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A Framework for Analytics Operational Risk Management

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A Framework for Analytics Operational Risk Management 1

By H. P. Bunaes founder of AI Powered Banking.

As analytics, descriptive and predictive, are embedded in business processes in every nook and cranny of your organization, managing the operational risk associated with all of this is critical. A failure of your data analytics may, at best, impact operational efficiency, but at worst it could result in reputational damage or monetary loss. What makes this tricky is that analytics can appear to be working normally, when in fact erroneous results are being produced and sent to unsuspecting internal or external recipients downstream.

When there were only a handful of models in use, and they were developed by one group who controlled them from end to end, operational risk was manageable. But analytics is becoming pervasive, and may now be fragmented across many functions and lines of business, and operational risk is rising as a result. Many analytics groups have a long backlog of requests and resources are stretched thin. Monitoring of models in production may be low on the priority list. And, it is the rare organization indeed that knows where all the analytics in operation are and how they are being used.

Some recent examples:

● A chief analytics officer at a large US bank described how a model for approving overdrafts was found deeply embedded in the deposit system. No one remembered it was there, never mind knew how it worked.
● Another described the “what the hell” moment when data critical to credit models one day simply disappeared from the data stream.
● And a consumer banking analytics head at another bank described how models used to predict delinquencies suddenly stopped working as the pandemic hit since data used to build them was simply no longer relevant.

WHY NOW?

The topic of model risk management has been well thought through, and in some sectors, such as banking, regulatory guidance is clear. But the focus of model risk management has been on model validation and testing: all the important things that need to happen prior to implementation.

But as one head of analytics told me recently “it’s what happens after the fact that is of greatest concern [now]”. A new head of Model Risk Management at a top 10 US bank told me that “operational risk management is top of mind”. And a recently retired chief analytics officer added that unfortunately “[data scientists] just don’t get operational risk.”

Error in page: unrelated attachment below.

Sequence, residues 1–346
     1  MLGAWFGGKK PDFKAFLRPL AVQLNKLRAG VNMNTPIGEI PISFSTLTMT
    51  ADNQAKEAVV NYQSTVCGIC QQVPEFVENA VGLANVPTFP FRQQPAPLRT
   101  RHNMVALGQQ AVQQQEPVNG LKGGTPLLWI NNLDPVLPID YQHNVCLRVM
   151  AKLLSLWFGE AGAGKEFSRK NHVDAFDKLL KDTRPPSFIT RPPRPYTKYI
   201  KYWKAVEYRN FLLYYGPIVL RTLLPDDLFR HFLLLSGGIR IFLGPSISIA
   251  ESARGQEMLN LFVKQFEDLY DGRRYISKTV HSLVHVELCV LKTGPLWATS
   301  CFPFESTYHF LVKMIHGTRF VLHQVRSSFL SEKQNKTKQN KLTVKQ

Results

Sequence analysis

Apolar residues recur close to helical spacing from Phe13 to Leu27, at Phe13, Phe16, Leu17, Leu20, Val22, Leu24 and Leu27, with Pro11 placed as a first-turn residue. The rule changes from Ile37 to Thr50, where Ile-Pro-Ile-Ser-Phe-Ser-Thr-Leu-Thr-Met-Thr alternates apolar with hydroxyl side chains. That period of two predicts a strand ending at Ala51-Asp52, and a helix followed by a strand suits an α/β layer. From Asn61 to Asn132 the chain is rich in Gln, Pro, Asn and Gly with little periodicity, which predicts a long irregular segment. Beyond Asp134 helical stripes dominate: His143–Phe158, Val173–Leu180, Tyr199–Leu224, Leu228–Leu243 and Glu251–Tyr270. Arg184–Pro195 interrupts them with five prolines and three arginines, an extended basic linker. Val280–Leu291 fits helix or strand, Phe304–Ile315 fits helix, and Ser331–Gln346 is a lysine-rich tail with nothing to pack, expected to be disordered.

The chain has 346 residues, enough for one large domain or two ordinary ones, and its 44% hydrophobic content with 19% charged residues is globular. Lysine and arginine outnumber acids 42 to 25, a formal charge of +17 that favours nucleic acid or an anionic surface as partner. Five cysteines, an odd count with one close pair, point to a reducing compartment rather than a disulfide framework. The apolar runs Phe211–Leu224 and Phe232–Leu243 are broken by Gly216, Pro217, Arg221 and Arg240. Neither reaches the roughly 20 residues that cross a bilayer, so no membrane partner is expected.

In many organizations, the full extent of their deployed analytics is not known. There is no consolidated inventory of analytics, so no one knows where it all is and what it does. One large US bank last year did a survey of all of their predictive models in operation and found “thousands of models” that had not been through any formal approval, validation, or testing process according to several people I spoke with.

TOOLS AND PLATFORMS

There are tools and platforms coming on the market for managing analytics op risk (often referred to, somewhat narrowly, as “ML ops”, for machine learning operations). I’ve counted 10 of them: Verta.ai, Algorithmia, quickpath, fiddler, Domino, ModelOp, superwise.ai, DataKitchen, cnvrg.io, and DataRobot (their standalone MLops product formerly known as Parallel M). Each vendor takes a somewhat different approach to managing analytics ops risk. Over simplifying a bit, most focus either on model monitoring or on model management, only a few try to do both. Algorithmia is strong in model management, quickpath is strong in model monitoring. ModelOp and Verta.ai try to do both.

But, none of them have a prescribed operational risk management (ORM) framework. And without an effective framework for managing analytics in use, no tool will solve the problem.

In this article I will describe what an effect ORM for analytics should include at minimum.

Comprehensive Operational Risk Management Framework for Analytics

Comprehensive Operational Risk Management Framework for Analytics

MODEL MANAGEMENT

The keystone to any ORM framework is a comprehensive model inventory, a database of models including all documentation, metadata (e.g. input data used and its source and lineage, results produced and where consumed), and operational results and metrics. Knowing what and where all of your analytics are and where and how they are being used is a prerequisite for good ORM. You can’t manage what you don’t know about.

Requiring that all data about each model is captured and stored centrally prior to implementation and use is the first bit of policy I’d recommend. All of the model validation and testing done in an effective Model Risk Management process needs to be captured in the model inventory/database. And all model inputs and model outputs, their sources and their destinations need to be cataloged.